My winters are quieter. There are still critters to feed and hay to put out. Plus, there is the usual bedding to clean and hooves to trim. But, most of my winter is working in the house. I spin, knit, weave, quilt, and crochet. We heat with wood until this year when we switched to a propane boiler. Up until this year, we spent a lot of the warmer winter days cutting and splitting wood. I hate doing it in the summer because of the heat... I keep a small greenhouse built from recycled goods where in the winter I grow lettuce for us and start seeds. We call it a Frankenstein greenhouse because it is pallets, an old garage frame left from a goat shelter, cement blocks, and reclaimed plastic. I use old table tops and wood boards for my growing tables.
I had an older farm woman tell me when I was a young mother that one did all the outside work in spring, summer, and fall and worked inside in the winter.... and that included dusting! LOL She was quite wise and am I so grateful to have had her wisdom poured into my life... I really like Sarah for the same reason; she's happy and an excellent steward with her time...
I have nattered far too long! Thanks for inviting a sharing!
I lived on a farm as a teenager and loved every minute of it. We had sheep, chickens, hogs, 35 milk cows but fortunately milking machines, small beef herd and garden. A favorite task in the summer was bringing in the cows for milking.
My dh and I had our own homestead with huge gardens, orchard, goats, ducks and chickens briefly. Even now living in town at put in a large garden each year.
My paternal grandparents were on a rented farm during the Depression years and grandmother often commented that it made almost no difference in their lives. The farmed with horses, cut wood from farm for heating and cooking, windmill for pumping water, huge gardens with the usual canning and storage of the crop and even harvested nuts from the timber. Three sons for slave labor helped a lot I'm sure!! In 1933 she wrote an article for a farm publication where she lauded farm life and said that she was thankful that it kept her sons too busy for mischief. On that she was 100% incorrect as those three were specialists in mischief!!
I also live on a small farm. We grow most of our own food and boy is that busy! I have not purchased any meat, dairy, or eggs in the grocery store for about 5 years now. We have about 10 dual purpose goats for both dairy and meat, about 20 chickens, and 2 ducks for eggs. We also raise our own meat chickens every year. In the summer, I grow a very large garden and can or freeze a lot of it that lasts us most of the year. I live in northern Montana in huckleberry territory so we make lots of jams and freeze our abundance. We fish our river for trout in the spring and summer--froze over now.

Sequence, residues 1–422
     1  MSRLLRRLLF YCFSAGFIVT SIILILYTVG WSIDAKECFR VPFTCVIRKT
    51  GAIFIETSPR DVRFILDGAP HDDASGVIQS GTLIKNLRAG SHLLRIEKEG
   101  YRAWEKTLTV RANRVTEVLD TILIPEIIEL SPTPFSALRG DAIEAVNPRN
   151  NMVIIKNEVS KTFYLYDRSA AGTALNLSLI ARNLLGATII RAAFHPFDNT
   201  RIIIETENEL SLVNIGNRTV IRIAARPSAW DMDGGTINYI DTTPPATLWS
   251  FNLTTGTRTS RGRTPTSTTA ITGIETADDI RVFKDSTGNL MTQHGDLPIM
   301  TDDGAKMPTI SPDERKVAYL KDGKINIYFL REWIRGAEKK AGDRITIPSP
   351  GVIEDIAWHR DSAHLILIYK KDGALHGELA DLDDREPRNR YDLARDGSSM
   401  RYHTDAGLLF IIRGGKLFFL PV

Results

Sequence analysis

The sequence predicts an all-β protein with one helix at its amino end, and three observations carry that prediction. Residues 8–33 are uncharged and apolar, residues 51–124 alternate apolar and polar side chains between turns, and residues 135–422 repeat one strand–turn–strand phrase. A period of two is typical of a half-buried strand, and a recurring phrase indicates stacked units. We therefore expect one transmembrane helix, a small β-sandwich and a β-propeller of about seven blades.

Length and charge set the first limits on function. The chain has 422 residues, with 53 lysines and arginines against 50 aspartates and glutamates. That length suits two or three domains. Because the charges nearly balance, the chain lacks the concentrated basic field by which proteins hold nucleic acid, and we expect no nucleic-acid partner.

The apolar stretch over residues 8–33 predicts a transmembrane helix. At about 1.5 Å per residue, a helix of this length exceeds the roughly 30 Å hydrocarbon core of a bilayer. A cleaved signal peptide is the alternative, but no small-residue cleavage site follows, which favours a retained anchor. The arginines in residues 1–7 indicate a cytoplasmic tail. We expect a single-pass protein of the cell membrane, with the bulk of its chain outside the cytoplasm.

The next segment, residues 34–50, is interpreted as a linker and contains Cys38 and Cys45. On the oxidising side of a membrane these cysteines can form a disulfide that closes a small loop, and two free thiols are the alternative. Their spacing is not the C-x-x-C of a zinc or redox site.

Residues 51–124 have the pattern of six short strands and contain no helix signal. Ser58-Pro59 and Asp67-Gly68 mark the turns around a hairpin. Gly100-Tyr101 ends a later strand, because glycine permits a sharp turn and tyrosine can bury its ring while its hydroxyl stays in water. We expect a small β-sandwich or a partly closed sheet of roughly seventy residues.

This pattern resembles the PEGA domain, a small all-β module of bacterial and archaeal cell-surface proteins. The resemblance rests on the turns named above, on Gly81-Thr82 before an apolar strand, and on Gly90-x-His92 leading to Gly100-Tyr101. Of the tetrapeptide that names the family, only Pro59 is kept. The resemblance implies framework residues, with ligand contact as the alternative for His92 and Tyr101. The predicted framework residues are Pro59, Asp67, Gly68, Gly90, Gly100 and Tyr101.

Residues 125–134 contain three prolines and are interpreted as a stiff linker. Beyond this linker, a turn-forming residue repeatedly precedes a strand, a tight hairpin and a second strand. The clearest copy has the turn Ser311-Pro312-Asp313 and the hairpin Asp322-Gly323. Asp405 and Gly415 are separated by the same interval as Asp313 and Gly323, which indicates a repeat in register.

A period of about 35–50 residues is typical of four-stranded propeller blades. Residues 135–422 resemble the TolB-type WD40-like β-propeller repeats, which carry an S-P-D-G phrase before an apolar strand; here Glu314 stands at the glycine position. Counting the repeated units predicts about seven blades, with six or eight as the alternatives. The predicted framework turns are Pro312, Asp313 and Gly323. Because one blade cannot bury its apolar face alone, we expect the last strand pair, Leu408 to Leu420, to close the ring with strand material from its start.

Overall, its a very busy hectic life but I wouldnt have it any other way as it is extremely rewarding looking at a plate of food knowing where it all came from! Oh, I also work 3 days a week as a home health/hospice nurse and my hubby is retired which helps!
I've had goats, pigs and poultry. Lived on an old timer's cattle ranch for awhile. It's all a lot of work and never enough hands to make it easy.
Most of the wringer washers I know of did have a gas or electric motor to agitate and pump out the water. It usually ran the wringer too.
We live on a small farm (23 acres), and animal chores are a priority. We are older, so no big animals to butcher. But just butchered 16 extra roosters, and 3 Tom turkeys. We have many chickens, and incubate eggs for chicks. We just grow out all of them, and will butcher the roosters when they are big enough. We also have geese, lots of turkeys, and rabbits. And a large garden, and two small greenhouses. There is always something to clean, something to repair, something to put up. Husband is handicapped now, so the outside animal and garden work falls on me, so I just do the best I can. The past week, and weeks to come have been very challenging because of the freezing temps...so all the water has to be hauled from the house to the animals. Thank God for wagons. I try to find the easiest way to do things...easy on my time and my body (ha). Keeping the woodburning stove going in this weather is also a challenge, and the wood and kindling stocked up inside the house. I wouldn't change living this way for anything, love it.
We have had 5 chickens at a time now twice, but that was when we lived in Oregon. We are on 1/2 acre at our home, but in 2020 bought 5 1/2 acres that will one day have a farm for us on along with the house. Hopefully this year or next we will have built it and have it at least closed in as we are diy the whole project. We have a large garden at the farm as we call it and have 4 raised beds here with multiple things that hold strawberries and asparagus around the 1/2 acre. At our Oregon house I only shopped for things I couldn't grow. That was on 1/8 acre, but we crammed everything in from a pear and apple tree, berries, veggies, etc. I can't as much here due to hoa regulations, but I grow enough to blend in with the landscaping that they don't notice. My grandparents grew as much as they possibly could and always had lots of fresh produce.